Also, the longer you have to repay the loan, the less you’ll pay every month.  However, the total cost of the mortgage will also be greater over the life of the loan.  You could also change the amortization rate so that your monthly payment is lower, but then you have the balloon/bullet coming at you at the end.


Structuring the transaction


What options do the parties have in terms of the particular transaction, say a house for $125,000?  First, you can have a cash sale.  Buyer gives the money, the seller gives the deed, the buyer records the deed, and that’s it.  Second, you could have a cash sale while paying off an existing mortgage.  The seller delivers the deed, the buyer pays the money.  Then the seller goes and uses the cash to pay off the mortgage.  The buyer could get a new loan and use it to pay cash.  The buyer secures the loan with the deed.  The buyer could also take over the seller’s old loan instead of having it paid off.  If the old loan was a good deal, the buyer may want to keep it alive.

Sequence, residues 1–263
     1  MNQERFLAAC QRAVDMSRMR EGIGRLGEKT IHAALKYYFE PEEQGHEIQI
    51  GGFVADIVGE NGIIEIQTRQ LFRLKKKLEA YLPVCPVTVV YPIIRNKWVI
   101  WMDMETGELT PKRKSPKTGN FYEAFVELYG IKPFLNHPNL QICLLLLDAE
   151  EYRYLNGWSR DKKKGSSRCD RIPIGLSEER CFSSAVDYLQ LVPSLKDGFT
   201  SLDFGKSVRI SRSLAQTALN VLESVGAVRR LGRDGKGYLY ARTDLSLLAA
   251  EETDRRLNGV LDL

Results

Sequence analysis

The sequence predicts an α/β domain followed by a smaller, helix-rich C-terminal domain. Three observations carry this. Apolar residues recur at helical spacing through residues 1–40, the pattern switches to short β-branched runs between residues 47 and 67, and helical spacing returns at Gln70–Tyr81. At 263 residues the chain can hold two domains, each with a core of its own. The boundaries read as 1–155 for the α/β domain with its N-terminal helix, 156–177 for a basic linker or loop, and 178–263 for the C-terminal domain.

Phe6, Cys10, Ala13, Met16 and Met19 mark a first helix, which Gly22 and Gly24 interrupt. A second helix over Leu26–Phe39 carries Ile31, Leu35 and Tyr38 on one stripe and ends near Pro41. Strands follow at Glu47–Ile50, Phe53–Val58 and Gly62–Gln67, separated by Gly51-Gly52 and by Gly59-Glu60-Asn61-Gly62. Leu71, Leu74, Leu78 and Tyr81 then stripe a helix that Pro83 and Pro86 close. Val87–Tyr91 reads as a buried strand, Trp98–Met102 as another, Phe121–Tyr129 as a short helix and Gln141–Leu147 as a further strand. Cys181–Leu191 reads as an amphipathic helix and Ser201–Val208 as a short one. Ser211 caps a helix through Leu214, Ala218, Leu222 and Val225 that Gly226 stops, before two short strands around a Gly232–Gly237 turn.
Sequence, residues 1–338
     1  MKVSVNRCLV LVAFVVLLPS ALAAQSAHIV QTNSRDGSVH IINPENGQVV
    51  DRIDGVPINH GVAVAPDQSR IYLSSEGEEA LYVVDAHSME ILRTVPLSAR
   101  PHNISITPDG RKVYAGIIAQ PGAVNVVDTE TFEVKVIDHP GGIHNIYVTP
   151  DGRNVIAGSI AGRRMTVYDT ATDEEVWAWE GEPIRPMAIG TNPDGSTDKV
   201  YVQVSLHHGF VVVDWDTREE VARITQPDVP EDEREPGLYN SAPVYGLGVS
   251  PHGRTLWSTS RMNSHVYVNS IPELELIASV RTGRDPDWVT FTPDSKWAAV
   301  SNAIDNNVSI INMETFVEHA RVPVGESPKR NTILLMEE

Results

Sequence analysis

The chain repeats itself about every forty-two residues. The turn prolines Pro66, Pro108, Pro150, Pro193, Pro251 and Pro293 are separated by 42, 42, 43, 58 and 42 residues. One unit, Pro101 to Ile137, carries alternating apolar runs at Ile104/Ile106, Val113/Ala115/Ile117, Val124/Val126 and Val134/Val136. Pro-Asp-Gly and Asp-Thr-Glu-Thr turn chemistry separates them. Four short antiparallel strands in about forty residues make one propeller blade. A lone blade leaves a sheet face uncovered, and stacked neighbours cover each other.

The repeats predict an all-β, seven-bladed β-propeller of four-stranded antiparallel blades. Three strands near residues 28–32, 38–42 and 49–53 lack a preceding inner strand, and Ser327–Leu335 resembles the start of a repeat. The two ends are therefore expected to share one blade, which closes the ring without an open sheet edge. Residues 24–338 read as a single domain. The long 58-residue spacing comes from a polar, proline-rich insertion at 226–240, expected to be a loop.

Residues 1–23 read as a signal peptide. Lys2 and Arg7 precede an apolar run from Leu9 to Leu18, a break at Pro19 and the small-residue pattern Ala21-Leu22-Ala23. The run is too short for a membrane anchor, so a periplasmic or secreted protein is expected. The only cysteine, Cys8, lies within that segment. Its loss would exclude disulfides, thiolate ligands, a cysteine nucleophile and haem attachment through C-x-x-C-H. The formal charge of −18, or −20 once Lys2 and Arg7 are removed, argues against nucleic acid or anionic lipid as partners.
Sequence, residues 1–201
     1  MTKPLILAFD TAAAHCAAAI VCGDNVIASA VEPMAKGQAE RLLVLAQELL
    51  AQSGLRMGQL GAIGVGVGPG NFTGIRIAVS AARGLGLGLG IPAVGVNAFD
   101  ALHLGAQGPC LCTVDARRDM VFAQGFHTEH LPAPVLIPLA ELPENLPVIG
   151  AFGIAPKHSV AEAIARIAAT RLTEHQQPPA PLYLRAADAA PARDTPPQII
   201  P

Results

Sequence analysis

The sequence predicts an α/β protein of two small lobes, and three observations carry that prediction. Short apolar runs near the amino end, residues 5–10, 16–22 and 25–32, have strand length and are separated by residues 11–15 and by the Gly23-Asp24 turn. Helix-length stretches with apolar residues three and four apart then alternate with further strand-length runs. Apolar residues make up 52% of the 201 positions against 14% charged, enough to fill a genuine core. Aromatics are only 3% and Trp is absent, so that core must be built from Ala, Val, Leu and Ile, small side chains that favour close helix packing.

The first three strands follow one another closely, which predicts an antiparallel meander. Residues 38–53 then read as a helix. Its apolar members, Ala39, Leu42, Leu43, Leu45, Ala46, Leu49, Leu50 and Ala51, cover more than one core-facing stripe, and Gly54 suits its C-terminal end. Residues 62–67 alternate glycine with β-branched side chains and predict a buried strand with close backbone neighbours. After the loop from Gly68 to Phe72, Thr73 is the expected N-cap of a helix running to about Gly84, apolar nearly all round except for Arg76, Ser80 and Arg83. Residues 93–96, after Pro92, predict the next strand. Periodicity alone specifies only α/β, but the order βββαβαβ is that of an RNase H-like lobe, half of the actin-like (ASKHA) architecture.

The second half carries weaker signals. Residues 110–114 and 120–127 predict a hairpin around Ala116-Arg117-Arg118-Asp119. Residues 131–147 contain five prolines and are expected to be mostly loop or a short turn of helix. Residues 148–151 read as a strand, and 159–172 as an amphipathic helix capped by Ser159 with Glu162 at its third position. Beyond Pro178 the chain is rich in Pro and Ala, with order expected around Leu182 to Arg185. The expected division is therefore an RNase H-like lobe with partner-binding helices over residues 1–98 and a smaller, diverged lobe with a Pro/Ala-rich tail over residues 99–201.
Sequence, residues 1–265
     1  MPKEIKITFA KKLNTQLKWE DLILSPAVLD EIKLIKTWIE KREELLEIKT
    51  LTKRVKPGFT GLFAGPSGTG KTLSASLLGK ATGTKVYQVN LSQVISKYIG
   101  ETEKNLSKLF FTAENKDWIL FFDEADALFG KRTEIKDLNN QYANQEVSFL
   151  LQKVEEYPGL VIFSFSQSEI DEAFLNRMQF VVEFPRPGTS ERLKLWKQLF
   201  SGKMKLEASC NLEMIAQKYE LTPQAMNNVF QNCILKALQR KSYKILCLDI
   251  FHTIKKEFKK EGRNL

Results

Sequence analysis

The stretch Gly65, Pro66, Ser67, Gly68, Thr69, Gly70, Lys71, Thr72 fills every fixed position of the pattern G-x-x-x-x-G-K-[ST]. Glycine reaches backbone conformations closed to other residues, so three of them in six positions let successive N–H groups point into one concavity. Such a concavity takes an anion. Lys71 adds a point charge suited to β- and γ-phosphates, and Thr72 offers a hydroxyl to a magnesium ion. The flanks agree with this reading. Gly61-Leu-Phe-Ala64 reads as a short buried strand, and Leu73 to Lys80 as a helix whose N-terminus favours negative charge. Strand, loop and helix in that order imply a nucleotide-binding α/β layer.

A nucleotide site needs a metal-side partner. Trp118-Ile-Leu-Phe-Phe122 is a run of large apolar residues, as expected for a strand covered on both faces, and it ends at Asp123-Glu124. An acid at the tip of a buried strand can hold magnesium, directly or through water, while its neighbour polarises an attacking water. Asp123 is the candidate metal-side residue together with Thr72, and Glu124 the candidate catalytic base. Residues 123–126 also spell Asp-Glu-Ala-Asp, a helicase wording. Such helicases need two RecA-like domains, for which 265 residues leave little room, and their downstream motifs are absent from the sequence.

You could also have seller financing, in whole or in part.  The buyer could pay a cash down payment plus a promissory note and mortgage for the balance in exchange with the deed to the property (encumbered by the outstanding mortgage).  In that situation, the seller wears two hats.  The seller basically is the same person as the lender to the buyer.  You could combine seller financing and taking over an existing mortgage.  If the buyer doesn’t have enough money for the down payment, the buyer might take over the existing mortgage and then have the seller finance the down payment.  The buyer could give the seller an additional note and a second mortgage.  “Second mortgage” refers to the priority with which the mortgagees get paid off.  These priorities are based on time.